Can't believe it's been a week already since the crazy viral twitter/media storm this little rant sparked! I totally did not expect the INSANE media attention it got. #BloggerBlackmail was the second most trending topic UK-WIDE on the 17th of August.
It seemed that EVERYBODY had an opinion, either picking a side, sitting on the diplomatic fence or just laugh-out-loud-funny - respected journalists and food critics, bloggers, chefs, PR and media professionals, small businesses, and also a lot of consumers aka general public got stuck right in! It made it into the BBC and Huffington Post - a freakin' hashtag I made up to describe THE most unpleasant experience with a blogger at the shop.
My main comment on #bloggerblackmail : everything that's wrong with bloggers and freebies is in her justification https://t.co/viqefDoYiS— Jay Rayner (@jayrayner1) August 17, 2015
#bloggerblackmail I'm sorry but what does the blogger expect? If you're reviewing a cafe you will get the service a customer would in order— Lily Melrose ✌️ (@llymlrs) August 17, 2015
#BloggerBlackmail 'Give us all your macaroons else then rudey nudeys of your cat on a marble background with flower props will be released'— Hello Terri Lowe (@HelloTerriLowe) August 17, 2015
what #bloggerblackmail has taught me is a lot of people don't know the difference between macarons and macaroons— Sophie (@theprivategirl) August 17, 2015
When I wrote that post I was incensed, outraged, seething and extremely protective of my staff and business - and it shows in the prose. Now that the dust has settled and business is as usual (if not a bit better, so thank you all for supporting the little indie bakers!) I've re-read my post umpteen times to see if I could have written it any other way, following comments of "unprofessionalism". No, I wouldn't change a word.
Illustration: Julie Neidlinger
It was emotionally charged; it named and shamed; it included some "harsh truths" describing a certain blog regarding its 'significance' (or lack thereof), some schoolground name-calling and of course the details of the bad-review-blackmailing threat that I 'called the blogger out on'. It got me some hate - no doubt from the friends and family of the blogger in question, some seemingly similar bloggers and marketing gurus - but also an unbelievably overwhelming amount of support from bloggers across the spectrum, journalists, editors, chefs, business owners and the public. Had it not been worded as emotionally as it was I doubt it would have reached the levels of discussions it did, and judging by the incredible reaction it was clearly a necessary debate.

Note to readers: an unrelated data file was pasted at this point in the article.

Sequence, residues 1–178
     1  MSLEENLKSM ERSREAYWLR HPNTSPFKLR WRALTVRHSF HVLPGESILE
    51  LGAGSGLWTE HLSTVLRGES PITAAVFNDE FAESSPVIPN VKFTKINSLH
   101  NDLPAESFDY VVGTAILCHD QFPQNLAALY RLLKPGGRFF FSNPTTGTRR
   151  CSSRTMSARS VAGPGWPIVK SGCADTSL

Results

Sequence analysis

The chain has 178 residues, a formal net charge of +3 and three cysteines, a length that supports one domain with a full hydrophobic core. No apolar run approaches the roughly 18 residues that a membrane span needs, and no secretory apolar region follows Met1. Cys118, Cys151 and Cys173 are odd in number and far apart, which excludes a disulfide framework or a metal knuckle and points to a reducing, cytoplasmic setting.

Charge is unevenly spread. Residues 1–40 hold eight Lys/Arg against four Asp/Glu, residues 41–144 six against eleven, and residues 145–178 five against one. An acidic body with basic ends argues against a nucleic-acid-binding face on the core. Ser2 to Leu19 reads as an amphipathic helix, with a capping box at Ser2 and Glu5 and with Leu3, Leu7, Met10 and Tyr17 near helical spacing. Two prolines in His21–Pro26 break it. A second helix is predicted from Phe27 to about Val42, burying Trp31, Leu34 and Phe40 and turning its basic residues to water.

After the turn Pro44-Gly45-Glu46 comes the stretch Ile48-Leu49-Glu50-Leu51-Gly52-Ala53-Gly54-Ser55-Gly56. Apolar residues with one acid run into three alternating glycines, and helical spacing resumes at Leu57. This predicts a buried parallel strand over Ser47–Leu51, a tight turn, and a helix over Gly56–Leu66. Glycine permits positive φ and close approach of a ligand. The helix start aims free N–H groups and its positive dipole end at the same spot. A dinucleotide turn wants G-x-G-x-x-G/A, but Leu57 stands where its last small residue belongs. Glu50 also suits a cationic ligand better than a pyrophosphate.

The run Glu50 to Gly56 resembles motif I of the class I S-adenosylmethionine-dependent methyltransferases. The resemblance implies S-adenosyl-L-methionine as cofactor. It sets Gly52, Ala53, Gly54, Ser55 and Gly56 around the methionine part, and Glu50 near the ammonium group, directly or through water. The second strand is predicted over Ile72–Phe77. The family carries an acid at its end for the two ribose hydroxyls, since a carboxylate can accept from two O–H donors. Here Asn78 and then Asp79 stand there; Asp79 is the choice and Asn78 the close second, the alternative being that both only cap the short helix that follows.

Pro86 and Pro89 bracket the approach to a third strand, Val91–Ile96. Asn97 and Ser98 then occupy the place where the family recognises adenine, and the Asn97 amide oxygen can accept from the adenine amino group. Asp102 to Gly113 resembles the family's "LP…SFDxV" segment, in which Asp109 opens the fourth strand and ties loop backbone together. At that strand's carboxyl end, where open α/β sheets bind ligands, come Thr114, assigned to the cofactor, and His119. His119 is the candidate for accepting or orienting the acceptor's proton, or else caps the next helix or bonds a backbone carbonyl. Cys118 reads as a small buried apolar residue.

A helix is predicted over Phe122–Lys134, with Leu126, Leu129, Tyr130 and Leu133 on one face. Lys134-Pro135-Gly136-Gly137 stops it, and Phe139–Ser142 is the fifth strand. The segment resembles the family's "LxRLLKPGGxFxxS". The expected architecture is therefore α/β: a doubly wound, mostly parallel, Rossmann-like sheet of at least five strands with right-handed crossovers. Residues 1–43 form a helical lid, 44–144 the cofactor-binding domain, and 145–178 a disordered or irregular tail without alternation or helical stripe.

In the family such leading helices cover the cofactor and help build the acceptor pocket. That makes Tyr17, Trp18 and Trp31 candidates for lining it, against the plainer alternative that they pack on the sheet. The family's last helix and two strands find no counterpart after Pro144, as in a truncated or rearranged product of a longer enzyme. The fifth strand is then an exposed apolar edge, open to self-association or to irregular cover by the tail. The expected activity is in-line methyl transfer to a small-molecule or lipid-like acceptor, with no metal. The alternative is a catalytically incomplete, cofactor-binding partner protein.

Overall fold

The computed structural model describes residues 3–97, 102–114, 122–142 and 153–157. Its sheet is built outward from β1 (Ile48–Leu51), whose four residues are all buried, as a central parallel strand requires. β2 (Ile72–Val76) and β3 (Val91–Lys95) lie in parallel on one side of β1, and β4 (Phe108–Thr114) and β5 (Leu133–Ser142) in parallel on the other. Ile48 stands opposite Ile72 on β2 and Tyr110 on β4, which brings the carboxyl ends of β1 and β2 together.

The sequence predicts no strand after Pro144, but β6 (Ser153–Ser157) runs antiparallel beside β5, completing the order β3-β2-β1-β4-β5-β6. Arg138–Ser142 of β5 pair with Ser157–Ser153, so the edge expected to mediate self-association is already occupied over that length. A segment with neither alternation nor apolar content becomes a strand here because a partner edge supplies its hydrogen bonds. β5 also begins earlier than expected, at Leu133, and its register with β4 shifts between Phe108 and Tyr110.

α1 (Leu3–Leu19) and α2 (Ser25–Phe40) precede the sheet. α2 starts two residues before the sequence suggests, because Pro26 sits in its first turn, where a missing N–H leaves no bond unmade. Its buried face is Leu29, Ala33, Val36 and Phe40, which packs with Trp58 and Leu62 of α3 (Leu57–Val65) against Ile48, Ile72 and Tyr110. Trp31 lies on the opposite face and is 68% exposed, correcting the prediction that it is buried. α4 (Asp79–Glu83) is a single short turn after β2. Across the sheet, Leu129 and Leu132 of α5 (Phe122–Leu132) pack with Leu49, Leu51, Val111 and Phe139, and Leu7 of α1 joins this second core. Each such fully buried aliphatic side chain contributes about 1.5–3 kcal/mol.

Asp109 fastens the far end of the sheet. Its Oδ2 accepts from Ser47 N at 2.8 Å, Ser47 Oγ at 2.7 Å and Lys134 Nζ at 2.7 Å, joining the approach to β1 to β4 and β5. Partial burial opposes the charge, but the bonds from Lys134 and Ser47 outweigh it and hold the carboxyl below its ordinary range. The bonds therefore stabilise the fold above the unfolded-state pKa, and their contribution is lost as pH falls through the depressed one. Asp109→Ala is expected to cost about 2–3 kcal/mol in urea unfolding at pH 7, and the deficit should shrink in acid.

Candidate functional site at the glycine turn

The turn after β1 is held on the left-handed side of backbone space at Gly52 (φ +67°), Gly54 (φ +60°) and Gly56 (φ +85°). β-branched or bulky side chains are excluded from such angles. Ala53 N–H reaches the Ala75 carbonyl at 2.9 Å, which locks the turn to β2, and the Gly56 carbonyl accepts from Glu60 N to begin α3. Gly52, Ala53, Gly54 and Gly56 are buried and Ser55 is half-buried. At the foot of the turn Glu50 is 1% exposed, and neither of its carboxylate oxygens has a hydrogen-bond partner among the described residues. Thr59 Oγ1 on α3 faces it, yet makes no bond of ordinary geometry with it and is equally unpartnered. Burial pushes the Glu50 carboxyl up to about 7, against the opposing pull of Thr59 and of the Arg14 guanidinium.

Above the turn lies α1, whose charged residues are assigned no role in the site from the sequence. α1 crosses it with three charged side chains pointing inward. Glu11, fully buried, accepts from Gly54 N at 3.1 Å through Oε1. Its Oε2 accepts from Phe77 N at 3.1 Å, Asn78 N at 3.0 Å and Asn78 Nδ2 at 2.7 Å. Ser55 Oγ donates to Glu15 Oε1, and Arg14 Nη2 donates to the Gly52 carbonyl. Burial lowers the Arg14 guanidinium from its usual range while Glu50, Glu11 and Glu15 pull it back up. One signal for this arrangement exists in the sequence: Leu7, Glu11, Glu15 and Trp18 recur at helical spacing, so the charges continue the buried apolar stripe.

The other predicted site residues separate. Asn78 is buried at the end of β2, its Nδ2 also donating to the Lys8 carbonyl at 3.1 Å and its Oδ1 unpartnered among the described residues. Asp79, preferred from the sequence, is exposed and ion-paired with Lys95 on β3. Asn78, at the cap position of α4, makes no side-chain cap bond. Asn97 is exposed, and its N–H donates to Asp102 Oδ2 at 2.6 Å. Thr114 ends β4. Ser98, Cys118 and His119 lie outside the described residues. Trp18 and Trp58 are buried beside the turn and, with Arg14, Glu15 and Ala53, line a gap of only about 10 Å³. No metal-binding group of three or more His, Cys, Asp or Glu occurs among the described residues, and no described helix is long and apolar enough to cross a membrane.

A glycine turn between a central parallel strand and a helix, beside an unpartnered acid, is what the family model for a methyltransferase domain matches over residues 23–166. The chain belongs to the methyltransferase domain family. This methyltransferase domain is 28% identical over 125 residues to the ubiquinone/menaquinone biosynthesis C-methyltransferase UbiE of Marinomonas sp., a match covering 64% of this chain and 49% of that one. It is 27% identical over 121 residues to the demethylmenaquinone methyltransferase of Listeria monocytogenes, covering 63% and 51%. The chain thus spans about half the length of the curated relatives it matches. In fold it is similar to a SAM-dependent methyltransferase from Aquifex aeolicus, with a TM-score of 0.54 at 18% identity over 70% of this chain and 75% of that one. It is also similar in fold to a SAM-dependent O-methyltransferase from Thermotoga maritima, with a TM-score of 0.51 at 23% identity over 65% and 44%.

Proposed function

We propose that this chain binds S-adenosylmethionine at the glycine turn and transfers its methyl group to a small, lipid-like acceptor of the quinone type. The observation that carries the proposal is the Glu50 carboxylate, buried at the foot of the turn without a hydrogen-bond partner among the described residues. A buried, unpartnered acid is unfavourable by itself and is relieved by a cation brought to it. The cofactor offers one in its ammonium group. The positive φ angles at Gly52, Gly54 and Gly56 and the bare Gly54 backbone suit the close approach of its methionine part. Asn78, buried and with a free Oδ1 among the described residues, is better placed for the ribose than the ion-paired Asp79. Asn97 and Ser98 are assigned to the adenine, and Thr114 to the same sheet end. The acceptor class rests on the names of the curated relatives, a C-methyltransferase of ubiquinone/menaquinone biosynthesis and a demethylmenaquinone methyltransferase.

Bloggers! Save confusion with my 'Bloggers Entitlement Guide'. Never gush for free again! #bloggerblackmail pic.twitter.com/FKIx2HKzAV— Melissa (@MelissaFoodie) August 18, 2015
That's not to say lessons haven't been learnt. While it was certainly amusing to read SO MANY blog posts analysing my blog post, ranging from incredibly patronising to plain-clueless-gloss-overs to absolutely hilarious here's what I've actually learnt from the whole saga:
This word cropped up quite a lot, along with "crossed wires" and "misunderstanding". Over the course of 4 years I've lost count of how many bloggers I've met and worked with. When we opened the shop last year we hosted an awesome Blogger's Soiree with the freebies free-flowing all over the place (it was fun!). We've sponsored bloggers' workshops, such as Emily Quinton's MakeLight and Rock n Roll Bride's Blogcademy, and collaborated on countless styled shoots. We've had bloggers visit the shop, or sent them samples in the post, for editorial coverage on their blog. Never, ever, has 'communication' been an issue.
Look at ALL that CAKE SWAG! WAY over £100 worth for Catherine Frawley & Emily Quinton
There were some suggestions of having "contracts" and "Ts & Cs" in place which gave me the LOLz - "I solemnly declare that I shall provide £100 worth of macarons, marshmallows, and Muffles in exchange for a feature on your blog that may not make us ANY money EVER let alone a reasonable ROI". No. That's NOT how we work with bloggers or even editors. If we bought advertising and/or photography, we would pay in cold hard cash with a contract in place as we have done for local publications, not in sweet treats because the last time I checked macarons weren't considered legal tender. We supply samples to bloggers, the same way as we do for food and lifestyle magazine editors, who try them out and then choose to feature if they like it, or not if they don't.